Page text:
August 15, 2013
I was asked by Prometheus Radio Project to give a few pointers on doing community needs assessments for LPFM applicants. So here are a few things to chew on based on my experience helping start WGXC Hands-On Radio.
1. Don’t delegate, integrate.
Integrate your team into your research.
In the future, you might find yourself reaching out to professional researchers or evaluators the way that big established stations do. But you are a start-up. You are making an audience where one doesn’t exist. The more gut-level understanding you have of who’s in your listening area and what they’ll respond to the better. Even if no one on your team has ever done a needs assessment, if you are truly curious, you will go far. Of course the more people on your team who cultivate this curiosity into a knowledge-seeking habit, the further and faster you’ll go. Especially in the beginning, the more people who are learning about your potential listeners, their needs, their desires, the better. Involve as many of your volunteers and staff as possible in your research efforts.
Integrate research into your tasks.
Look for ways to integrate research into any task you are doing, big and small. For example, promote a “feedback” email address. What could be easier? Help your soon-to-be programmers get savvy at developing an audience by asking them questions about how they will do so on your program application. Once you get started, you’ll find a million ways to integrate research into your team’s day-to-day work.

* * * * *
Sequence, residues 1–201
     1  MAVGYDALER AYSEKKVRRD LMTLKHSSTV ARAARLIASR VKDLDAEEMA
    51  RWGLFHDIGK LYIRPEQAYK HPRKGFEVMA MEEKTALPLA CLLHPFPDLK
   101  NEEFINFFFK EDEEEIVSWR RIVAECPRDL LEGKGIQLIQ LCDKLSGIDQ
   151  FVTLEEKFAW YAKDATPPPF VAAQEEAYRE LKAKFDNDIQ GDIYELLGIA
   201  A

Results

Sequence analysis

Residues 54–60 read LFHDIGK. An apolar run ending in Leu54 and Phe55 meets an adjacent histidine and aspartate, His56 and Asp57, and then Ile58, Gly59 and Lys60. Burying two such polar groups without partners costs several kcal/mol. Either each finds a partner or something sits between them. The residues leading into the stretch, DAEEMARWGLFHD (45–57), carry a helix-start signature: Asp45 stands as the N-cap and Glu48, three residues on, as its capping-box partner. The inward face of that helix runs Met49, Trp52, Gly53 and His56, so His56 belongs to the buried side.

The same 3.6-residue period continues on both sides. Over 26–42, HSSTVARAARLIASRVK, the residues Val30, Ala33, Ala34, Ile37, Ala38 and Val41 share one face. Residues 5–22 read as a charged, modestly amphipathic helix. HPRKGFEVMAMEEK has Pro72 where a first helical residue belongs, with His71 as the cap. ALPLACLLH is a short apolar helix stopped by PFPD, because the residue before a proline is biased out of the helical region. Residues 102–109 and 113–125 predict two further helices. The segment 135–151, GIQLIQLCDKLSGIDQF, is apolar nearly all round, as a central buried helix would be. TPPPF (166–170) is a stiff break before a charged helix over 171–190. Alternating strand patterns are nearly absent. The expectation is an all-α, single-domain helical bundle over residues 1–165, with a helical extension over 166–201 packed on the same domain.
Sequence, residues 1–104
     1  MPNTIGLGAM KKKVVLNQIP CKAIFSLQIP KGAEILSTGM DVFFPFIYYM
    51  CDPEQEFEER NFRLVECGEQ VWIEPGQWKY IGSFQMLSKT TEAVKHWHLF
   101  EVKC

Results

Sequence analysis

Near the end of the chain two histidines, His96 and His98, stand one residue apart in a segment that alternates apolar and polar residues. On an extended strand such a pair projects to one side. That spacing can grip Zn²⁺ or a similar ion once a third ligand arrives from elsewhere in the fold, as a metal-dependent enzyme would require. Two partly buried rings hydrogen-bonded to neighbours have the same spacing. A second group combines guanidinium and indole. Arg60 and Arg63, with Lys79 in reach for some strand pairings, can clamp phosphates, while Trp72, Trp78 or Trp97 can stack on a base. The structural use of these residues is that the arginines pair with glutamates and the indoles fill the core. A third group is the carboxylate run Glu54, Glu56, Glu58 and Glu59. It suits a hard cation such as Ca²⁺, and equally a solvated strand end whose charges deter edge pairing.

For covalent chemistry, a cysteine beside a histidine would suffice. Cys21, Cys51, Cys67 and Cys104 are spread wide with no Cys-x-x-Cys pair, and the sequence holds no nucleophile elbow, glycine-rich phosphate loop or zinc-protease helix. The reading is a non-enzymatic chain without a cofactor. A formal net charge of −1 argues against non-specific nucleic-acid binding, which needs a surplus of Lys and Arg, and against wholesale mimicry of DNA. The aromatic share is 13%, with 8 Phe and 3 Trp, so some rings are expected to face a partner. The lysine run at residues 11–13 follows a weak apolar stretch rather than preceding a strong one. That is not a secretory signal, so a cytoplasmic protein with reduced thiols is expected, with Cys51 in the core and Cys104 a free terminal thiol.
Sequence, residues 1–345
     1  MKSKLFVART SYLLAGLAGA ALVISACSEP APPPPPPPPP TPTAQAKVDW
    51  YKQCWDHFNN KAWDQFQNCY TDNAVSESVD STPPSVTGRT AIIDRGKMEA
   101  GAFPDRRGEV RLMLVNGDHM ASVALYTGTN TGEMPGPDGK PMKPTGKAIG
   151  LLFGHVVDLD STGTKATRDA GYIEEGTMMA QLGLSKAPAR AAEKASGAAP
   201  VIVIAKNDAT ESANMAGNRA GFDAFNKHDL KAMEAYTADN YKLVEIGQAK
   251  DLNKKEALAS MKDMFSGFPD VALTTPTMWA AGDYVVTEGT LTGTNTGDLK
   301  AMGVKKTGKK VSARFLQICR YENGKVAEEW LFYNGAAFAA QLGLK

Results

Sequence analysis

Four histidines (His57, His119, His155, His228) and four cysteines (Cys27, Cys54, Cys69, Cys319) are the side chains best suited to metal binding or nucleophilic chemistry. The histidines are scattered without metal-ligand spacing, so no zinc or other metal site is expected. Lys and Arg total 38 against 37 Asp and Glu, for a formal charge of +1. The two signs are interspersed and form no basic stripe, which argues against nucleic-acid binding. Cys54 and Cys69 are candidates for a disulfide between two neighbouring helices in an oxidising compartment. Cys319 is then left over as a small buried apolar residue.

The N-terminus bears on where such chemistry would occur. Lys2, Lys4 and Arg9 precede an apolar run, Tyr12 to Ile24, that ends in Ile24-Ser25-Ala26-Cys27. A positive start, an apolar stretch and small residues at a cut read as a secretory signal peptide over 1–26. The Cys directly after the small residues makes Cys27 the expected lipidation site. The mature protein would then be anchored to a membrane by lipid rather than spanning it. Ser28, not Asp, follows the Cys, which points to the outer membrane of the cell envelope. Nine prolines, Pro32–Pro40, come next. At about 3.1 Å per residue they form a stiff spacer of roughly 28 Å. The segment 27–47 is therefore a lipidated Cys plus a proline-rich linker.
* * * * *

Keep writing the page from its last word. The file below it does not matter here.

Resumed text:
2. Always ask.
Ask your community to envision the station with you. Ask them what’s missing, what they listen to now, how and when they listen. Get out the door early and often. Ask many, many people. Ask them often. Don’t worry about crafting the perfect question. If you ask a lot of people a lot of questions, you’ll figure out which ones have juice. Make media and get community feedback on it. Try things out. If they don’t work, try again. People love it when you ask their opinion. And if they feel you are listening, you will gain their esteem. Your project will grow.
Go deep. Seek out the people who are respected by different sectors of your “community of communities.” These folks have a deep perspective on specific communication needs, desires, and habits in their corner of the world.
Go broad. Show up at events where your community comes out. Get the person in the street perspective. It’s fun, it’s outreach, and you might learn something. If you do it a lot, you’ll definitely learn something.
3. Go beyond opinion, find out why.
In truth, many people in your community may not have thought that deeply about media. If they have, they might not want to share their true thoughts until they get to know you a bit better. So, early on, a lot of the answers you get might be superficial. That’s ok. To get a more grounded understanding of your community, go beyond asking for just opinions on what people “like” or “don’t like” about media in your area. Ask them why. If they say, “We need more x programming here,” don’t take it at face value. Follow up with a “Why do you think that?” or “Why do you think that’s happening?” Some say that doing this five times in a row will surface a “root cause.” It’s super helpful to understand how your community is thinking about cause and effect in relation to your station.Evaluation, Media, Methods Madness, Social Impact
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